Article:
Esther Williams, Godmother of Synchro-Swimming, passes away

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Champion swimmer and Hollywood star Esther Williams, best known for her “aqua-musicals” of the 1940s, passed away Thursday in LA. She was 91.

Williams was never able to compete in the Helsinki Olympics, due to the outbreak of World War II that led to the cancelation of the 1940 and ’44 Games, but she’s often credited with the IOC adopting synchronized swimming into its program in 1984, and served as a TV analyst for its inauguration.

“The life she had goes without saying,” her spokesperson and close friend for more than 15 years, Harlan Boll, told NBC News. “She stood out among other people. She’s the godmother of synchronized swimming and is the reason it became an Olympic sport.”

Williams was invited to join the Los Angeles Athletic Club when she was just a teen, and at one point held the national record for the women’s 100m freestyle race. When the Games were canceled for the war, Williams shed her amateur status and worked with five-time Olympic champ and Tarzan star, Johnny Weissmuller, in a water show for the 1940 Worlds Fair.

She was subsequently hired by MGM in 1941 at 19 years old, and went on to star in acquatic-themed films like Bathing Beauty, Million Dollar Mermaid, and more than twenty others with stars like Frank Sinatra, Gene Kelly, Lucille Ball, Ricardo Montalbán, and Mickey Rooney. Williams is one of only ten American women to have their careers inducted into the Smithsonian Institution.

In February, the International Swimming Hall of Fame announced the “Esther Award,” which recognizes “outstanding achievements in the film and entertainment industries that promote a positive image of swimming as a key to fun, fitness, good health, a better quality of life and an essential water safety and lifesaving skill.”

Chris Froome adds world champs medal to historic season

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Chris Froome added his first individual world championships medal to the most successful year of his incredible career.

The four-time Tour de France winner took bronze behind Dutchman Tom Dumoulin and Slovenian Primoz Roglic in the time trial in rainy Bergen, Norway, on Wednesday.

Dumoulin, the Olympic time trial silver medalist and Giro d’Italia winner, covered the 19-mile course in 44 minutes, 41 seconds. Roglic, a former ski jumper, was 57.79 seconds slower.

Froome, who owns two Olympic time trial bronze medals, was 1:21.25 behind. The top American was Tejay van Garderen in 26th.

Full results are here.

Froome, though possibly tired from sweeping the Tour de France and Vuelta a España this summer, benefited from the layout, which featured a two-mile climb to the finish.

He improved from seventh going into the final climb to make the podium by 7.27 seconds.

That summit all but dashed the hopes of German Tony Martin going into the race. Martin won his record-tying fourth world time trial title last year but is not a great climber. He finished ninth.

In Bergen, Froome was bidding to become the second cyclist to win the Tour de France and the world time trial title in the same year. Spaniard Miguel Indurain achieved the feat in 1995, the last of his five straight years winning the Tour.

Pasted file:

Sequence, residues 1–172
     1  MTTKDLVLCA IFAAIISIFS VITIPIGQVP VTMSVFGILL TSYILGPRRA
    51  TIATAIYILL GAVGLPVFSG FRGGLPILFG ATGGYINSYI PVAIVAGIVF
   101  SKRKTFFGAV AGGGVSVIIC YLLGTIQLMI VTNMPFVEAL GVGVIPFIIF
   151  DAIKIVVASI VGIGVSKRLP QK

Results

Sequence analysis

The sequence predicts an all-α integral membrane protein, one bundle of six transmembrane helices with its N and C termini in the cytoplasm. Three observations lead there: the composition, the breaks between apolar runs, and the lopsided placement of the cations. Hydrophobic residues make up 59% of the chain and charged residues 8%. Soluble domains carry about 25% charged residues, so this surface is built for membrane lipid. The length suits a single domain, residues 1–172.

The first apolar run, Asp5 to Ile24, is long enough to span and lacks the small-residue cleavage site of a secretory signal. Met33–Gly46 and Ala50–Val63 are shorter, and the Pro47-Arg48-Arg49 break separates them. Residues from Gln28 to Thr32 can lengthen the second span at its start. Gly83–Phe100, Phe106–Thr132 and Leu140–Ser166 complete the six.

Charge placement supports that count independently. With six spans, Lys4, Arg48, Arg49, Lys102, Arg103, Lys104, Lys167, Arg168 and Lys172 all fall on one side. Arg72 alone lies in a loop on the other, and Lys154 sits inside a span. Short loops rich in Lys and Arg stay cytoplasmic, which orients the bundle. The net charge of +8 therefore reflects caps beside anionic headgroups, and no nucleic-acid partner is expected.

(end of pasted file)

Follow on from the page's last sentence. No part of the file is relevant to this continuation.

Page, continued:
The time trial debuted at worlds in 1994.

He also hoped to join Eddy Merckx (1974) and Stephen Roche (1987) as the only men to win multiple Grand Tours and a world title (either road race or time trial) in the same year.

The world championships continue Friday with junior and U23 road races. The next elite event is the women’s road race on Saturday. The weeklong championships conclude with the men’s road race Sunday.

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Michael Phelps still has ‘no desire’ to come back

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Michael Phelps says he has “no desire” to return to competitive swimming, but he is eager to stay involved with the sport and cheer on those who follow in his enormous wake.

In an interview Tuesday with The Associated Press while promoting a healthy pet food campaign, Phelps said he is excited about the birth of his second child and numerous opportunities away from the pool.

It was around this time four years ago when Phelps got serious about ending his first retirement, but he now seems content with his decision to step away again after the Rio Olympics.

His wife, Nicole, is about four months pregnant. The couple already has a 16-month-old son, Boomer.

“I’ve got no desire, no desire to come back,” the 32-year-old Phelps said flatly.

Phelps has attended a handful of swimming meets since the Rio Games, where the winningest athlete in Olympic history added to his already massive career haul by claiming five gold medals plus a silver. A few months ago, he conceded to the AP that he was eager to see how he would feel about a possible comeback after this year’s world championships in Budapest, Hungary.

Turns out, it had no impact.

Phelps said watching others compete “truly didn’t kick anything off or spike any more interest in coming out of retirement again.”

He is eager to follow the development of his heir apparent, Caeleb Dressel, who emerged as the sport’s newest star by winning seven gold medals at Budapest. The 21-year-old Floridian joined Phelps and Mark Spitz as the only swimmers to accomplish that feat at a major international meet.

“I’m happy Caeleb decided to go off this year instead of last year,” Phelps joked. “I’m kind of happy to see him swimming so well when I’m not there.”

With Dressel and Katie Ledecky now leading the American team, the U.S. is expected to remain the world’s dominant swimming country heading into the 2020 Tokyo Olympics.

Even without Phelps.

“It’s time to kind of move on,” he said, “and watch other people come into their own.”

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